The painting has not been seen publicly since 1960, when the current owners purchased it at a local charity art auction. A recent visitor to The Met’s exhibition, who knew of the existence of an artwork by Lawrence that had been in a neighbor’s collection for years, suspected that the painting might belong to the Struggle series and encouraged the owners to contact the Museum.
The work will be specially featured at The Met and will also join the touring exhibition, organized by the Peabody Essex Museum (PEM), for presentations in Birmingham, Alabama; Seattle, Washington; and Washington, D.C., through next fall.
Last year a number of major museums in The Netherlands began to cease using the term “Golden Age” to describe the 17th-century Dutch empire that included New Amsterdam, and the village that became Harlem. In particular, Dutch society has begun to wrestle with fact that much of the power and wealth centered in Holland during the 17th century was based on the transatlantic slave trade:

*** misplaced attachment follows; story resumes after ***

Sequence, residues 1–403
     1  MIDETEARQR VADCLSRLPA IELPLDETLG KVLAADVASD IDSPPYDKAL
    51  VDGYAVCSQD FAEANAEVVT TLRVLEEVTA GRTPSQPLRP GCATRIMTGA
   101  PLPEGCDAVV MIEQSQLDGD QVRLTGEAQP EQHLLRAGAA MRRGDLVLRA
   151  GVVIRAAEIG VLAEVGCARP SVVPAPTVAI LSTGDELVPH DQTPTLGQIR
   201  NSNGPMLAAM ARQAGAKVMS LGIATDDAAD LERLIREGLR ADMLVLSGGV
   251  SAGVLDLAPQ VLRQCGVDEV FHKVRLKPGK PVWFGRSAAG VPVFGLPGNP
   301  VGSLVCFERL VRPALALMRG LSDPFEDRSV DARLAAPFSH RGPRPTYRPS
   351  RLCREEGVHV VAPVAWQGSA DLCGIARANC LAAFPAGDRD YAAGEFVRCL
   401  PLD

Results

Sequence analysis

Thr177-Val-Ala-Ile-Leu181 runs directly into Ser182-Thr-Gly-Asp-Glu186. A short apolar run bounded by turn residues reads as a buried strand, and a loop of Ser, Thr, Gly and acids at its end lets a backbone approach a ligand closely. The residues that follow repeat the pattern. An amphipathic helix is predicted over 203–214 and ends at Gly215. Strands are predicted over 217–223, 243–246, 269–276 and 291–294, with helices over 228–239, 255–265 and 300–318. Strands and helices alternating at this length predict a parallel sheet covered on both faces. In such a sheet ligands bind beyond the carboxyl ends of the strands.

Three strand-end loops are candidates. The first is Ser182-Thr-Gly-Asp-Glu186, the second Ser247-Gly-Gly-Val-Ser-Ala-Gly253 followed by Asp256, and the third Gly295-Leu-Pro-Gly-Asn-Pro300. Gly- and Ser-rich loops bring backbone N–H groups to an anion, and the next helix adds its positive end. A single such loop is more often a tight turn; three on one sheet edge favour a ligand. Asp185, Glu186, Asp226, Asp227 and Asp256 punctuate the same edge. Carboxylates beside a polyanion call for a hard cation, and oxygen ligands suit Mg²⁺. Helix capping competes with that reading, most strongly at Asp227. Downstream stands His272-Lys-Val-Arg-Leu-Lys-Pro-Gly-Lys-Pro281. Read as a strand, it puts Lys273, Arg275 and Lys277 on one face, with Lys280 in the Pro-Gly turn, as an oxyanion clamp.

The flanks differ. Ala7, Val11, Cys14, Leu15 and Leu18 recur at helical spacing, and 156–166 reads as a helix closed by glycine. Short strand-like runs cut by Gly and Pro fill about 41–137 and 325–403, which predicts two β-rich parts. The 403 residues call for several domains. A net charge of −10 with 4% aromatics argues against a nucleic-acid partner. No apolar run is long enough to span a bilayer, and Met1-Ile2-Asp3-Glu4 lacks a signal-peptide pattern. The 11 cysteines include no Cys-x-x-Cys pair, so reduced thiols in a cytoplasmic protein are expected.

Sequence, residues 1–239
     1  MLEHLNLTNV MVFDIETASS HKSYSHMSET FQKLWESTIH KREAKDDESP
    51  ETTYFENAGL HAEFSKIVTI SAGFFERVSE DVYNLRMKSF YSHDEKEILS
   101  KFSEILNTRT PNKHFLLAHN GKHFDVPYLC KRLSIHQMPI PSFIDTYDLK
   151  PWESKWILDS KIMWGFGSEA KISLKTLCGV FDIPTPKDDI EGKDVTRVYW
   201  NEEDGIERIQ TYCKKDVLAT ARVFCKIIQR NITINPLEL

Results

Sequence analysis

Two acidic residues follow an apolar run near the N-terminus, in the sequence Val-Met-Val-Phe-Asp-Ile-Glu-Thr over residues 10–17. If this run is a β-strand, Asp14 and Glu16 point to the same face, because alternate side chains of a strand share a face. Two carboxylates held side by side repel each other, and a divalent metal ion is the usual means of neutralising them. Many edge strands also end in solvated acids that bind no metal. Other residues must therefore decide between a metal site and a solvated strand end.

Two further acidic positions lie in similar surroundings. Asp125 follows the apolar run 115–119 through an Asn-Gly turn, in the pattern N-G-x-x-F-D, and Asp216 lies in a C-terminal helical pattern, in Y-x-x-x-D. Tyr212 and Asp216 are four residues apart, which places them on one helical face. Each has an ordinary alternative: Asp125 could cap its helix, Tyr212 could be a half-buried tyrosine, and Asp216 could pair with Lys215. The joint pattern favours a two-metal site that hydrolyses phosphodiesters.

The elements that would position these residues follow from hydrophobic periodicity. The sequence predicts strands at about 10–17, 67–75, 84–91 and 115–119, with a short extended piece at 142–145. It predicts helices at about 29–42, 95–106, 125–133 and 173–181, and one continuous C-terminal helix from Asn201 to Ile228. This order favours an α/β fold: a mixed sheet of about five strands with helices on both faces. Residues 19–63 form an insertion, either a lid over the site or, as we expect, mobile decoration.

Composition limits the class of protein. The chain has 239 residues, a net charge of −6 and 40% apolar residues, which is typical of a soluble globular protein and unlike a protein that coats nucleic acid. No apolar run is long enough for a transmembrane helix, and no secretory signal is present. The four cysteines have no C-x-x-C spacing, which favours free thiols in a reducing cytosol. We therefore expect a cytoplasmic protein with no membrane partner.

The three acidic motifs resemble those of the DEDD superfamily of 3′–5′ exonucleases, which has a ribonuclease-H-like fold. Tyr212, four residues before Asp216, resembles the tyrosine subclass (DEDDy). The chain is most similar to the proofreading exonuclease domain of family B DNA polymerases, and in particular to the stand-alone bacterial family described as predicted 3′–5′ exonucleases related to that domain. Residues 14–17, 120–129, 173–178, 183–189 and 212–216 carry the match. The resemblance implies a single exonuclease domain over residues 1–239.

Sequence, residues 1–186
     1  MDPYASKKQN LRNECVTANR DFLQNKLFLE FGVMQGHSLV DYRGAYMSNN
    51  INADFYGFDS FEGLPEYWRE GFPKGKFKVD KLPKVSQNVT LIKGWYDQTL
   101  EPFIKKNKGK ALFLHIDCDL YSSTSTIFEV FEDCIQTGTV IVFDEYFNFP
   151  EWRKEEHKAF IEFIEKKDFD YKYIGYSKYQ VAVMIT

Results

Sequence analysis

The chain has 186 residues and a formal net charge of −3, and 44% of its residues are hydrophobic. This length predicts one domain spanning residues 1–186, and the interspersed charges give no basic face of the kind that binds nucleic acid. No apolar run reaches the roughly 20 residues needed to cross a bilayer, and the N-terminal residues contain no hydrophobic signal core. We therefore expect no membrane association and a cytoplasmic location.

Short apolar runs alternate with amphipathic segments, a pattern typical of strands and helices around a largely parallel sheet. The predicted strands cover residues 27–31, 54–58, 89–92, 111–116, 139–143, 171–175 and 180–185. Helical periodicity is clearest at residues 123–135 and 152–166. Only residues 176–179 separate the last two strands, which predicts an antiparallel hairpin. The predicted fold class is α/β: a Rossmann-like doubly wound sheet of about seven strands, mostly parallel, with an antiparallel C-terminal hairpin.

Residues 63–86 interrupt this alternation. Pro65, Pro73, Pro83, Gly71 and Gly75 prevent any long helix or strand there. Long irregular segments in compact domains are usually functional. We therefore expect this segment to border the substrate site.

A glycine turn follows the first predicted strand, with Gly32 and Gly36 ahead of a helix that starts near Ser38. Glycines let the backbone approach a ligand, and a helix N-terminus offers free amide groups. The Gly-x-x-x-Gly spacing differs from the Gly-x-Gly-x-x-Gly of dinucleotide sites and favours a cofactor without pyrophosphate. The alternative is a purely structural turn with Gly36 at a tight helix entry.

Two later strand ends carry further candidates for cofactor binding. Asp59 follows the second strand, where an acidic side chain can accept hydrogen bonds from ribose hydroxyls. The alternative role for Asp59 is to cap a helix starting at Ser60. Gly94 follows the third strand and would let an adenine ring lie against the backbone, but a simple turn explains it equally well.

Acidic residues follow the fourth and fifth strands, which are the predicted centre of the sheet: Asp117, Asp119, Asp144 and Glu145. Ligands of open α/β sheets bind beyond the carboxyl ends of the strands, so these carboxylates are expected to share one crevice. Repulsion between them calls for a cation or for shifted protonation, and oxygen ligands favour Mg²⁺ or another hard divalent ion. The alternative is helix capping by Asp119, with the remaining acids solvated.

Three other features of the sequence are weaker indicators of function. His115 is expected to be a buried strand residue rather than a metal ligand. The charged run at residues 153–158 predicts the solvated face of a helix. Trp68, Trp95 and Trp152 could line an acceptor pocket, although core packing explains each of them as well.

“The Western Golden Age occupies an important place in Western historiography that is strongly linked to national pride, but positive associations with the term such as prosperity, peace, opulence, and innocence do not cover the charge of historical reality in this period,” van der Molen explained. “The term ignores the many negative sides of the 17th century such as poverty, war, forced labor, and human trafficking.”
In the spring of 1664, for example, the landowners in Harlem travelled to New Amsterdam (the lower tip of Manhattan) to participate in a slave auction. James Riker, in 1904, notes: